“Breastfeeding has an important role in reducing the risk of developing asthma in early childhood,” concluded two studies—one conducted by US researchers, and one spearheaded by a group from Canada, Nepal, and the UK. Researchers from both studies found that breastfeeding lowers the likelihood that children aged seven or younger will contract asthma.
While first and foremost “fed is best,” the studies find that “any breastfeeding” protects kids from developing the inflamed airways that are a hallmark of this dreaded disease.
The analyses are important because more than 8% of all US children suffer from asthma. The most common chronic illness of childhood, asthma can trigger wheezing, breathlessness, coughing, chest tightness, school absences, hospitalizations, and in rare instances, death.
Because children who develop asthmatic symptoms do so before the age of six, researchers at the University of Tennessee Health Science Center, Vanderbilt University, Washington University, and Rutgers University evaluated early life actions that could prevent or modify the severity of the disease. What they found was that an infant’s diet may help strengthen developing immune and pulmonary systems. Because human milk contains maternal microbiota, nutrients, hormones, and growth factors that together influence lung and immune system development, breastfeeding can impact whether or not a child develops asthma.
Of course, exposure to secondhand cigarette smoke, toxic emissions from natural gas fracking, and air pollution from cars, factories, and coal-fired power plants can trigger asthma too. Millions of people in the US, including nearly 37 million children, live in areas where smog makes the air unhealthy to breathe, reports the Columbia Center for Children’s Environmental Health.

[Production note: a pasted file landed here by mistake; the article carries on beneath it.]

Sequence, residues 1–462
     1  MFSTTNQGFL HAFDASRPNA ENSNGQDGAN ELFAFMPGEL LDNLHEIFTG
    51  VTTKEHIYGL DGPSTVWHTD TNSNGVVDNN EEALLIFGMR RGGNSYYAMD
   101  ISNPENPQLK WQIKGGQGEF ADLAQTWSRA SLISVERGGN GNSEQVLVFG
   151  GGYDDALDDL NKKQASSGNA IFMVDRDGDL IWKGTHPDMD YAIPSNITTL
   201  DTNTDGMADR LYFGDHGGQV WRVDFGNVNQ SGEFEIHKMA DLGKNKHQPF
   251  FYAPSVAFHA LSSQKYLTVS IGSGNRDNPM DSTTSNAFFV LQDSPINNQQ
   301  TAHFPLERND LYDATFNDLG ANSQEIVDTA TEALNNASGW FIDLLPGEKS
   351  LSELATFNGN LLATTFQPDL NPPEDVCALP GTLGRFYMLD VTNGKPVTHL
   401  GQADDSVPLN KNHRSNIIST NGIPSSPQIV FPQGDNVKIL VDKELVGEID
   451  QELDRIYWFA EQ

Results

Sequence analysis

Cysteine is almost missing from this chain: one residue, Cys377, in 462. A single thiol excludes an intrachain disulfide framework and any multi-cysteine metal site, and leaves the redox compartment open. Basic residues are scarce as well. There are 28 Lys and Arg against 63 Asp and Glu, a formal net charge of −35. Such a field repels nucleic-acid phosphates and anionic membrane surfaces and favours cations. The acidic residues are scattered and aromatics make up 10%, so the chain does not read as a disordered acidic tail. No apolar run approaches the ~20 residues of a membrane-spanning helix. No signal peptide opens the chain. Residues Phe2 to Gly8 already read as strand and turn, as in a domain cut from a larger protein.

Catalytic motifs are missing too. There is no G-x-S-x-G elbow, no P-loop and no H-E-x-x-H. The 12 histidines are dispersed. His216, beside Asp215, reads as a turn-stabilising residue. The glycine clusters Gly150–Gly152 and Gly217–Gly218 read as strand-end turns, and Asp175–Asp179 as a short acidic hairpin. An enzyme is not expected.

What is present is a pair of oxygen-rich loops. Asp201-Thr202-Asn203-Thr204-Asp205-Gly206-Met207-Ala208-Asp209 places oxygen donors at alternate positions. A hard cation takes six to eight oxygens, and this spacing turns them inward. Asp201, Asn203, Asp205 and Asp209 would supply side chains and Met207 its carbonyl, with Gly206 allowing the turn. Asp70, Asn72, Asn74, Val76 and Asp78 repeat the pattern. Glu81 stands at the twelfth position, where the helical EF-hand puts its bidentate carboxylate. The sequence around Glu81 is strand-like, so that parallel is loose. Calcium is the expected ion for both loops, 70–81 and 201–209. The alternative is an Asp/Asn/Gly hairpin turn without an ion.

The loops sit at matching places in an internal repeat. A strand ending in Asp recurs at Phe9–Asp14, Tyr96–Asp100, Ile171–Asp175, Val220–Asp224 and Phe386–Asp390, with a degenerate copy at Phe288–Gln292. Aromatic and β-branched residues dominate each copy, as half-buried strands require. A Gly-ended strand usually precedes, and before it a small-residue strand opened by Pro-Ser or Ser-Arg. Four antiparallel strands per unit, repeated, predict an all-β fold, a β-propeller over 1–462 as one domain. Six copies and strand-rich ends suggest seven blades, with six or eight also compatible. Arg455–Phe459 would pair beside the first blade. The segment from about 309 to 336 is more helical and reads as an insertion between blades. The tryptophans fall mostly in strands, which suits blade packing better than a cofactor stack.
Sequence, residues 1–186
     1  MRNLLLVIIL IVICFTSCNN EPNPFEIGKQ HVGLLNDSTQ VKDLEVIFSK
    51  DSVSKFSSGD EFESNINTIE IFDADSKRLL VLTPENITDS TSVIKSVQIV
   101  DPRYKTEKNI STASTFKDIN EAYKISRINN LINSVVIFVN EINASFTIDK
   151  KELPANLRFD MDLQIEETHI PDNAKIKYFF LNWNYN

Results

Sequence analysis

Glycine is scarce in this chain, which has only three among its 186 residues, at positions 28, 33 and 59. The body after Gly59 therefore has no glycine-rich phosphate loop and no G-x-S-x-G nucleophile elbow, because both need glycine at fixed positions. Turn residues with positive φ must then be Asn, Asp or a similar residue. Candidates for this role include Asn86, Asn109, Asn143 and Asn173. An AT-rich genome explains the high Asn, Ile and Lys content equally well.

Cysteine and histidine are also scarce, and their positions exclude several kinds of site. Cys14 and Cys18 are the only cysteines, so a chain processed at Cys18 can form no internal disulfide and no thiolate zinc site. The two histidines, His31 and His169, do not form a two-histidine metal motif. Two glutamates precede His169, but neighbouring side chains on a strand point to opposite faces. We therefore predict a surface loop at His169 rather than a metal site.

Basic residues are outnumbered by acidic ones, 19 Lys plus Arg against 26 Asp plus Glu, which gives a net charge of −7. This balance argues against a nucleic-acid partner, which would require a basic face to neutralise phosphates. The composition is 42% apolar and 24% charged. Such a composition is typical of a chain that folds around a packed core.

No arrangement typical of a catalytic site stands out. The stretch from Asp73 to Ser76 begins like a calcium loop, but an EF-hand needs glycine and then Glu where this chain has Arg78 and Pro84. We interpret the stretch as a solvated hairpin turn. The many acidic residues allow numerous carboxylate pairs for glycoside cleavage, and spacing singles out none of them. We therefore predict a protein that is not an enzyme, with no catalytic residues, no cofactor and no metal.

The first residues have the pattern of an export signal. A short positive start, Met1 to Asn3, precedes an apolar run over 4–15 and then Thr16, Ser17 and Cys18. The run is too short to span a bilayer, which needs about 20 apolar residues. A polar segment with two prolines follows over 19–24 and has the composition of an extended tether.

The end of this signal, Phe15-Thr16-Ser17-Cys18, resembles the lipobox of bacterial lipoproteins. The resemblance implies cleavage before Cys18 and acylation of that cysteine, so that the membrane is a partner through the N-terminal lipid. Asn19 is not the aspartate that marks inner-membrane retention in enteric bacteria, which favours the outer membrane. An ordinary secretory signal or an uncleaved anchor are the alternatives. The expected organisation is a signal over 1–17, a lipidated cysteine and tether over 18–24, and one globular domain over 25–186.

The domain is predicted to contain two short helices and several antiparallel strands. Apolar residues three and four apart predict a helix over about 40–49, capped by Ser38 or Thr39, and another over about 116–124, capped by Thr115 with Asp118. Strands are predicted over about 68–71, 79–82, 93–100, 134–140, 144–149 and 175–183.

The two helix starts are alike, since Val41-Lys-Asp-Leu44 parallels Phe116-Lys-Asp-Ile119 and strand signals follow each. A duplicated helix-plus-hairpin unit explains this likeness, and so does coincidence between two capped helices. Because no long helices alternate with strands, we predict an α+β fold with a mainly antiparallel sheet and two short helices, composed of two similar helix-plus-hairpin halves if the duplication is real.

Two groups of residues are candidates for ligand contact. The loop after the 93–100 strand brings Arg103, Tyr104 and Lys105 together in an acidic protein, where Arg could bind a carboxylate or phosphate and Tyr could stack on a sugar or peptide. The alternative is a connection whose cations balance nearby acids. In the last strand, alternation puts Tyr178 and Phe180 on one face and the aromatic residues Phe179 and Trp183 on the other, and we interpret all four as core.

While minimizing air pollution from all sources is key to reducing the onset of asthma, the research showed that “the duration of any breastfeeding had a protective linear trend.” They also found that the longer breastfeeding went on, the more protected the child was.
Similarly, a research consortium made up of pediatricians and respiratory specialists from Nepal, Canada, and the UK conducted a “meta-analysis” of 42 different studies that examined the connection between breastfeeding and its potential connection to asthma. Their analysis found that children who were only breastfed in their early months had a 19% lower risk of contracting asthma compared to those who breastfed less.
While WHO guidelines recommend exclusive breastfeeding for six months, the research shows that “even babies who do not meet the six months of exclusive breastfeeding guidelines may still receive some protection against asthma development with partial or intermittent breastfeeding.”
While breastfeeding is not always an option, doctors recommend other ways to help prevent asthma, “including minimizing the use of antibiotics and taking steps to avoid viral infections such as keeping your newborn away from sick people and making sure to wash your hands often. Overuse of antibiotics can alter the gut microbiome and set the stage for asthma.”
These important findings can help moms navigate how environmental health affects their babies and how they can help to prevent asthma.
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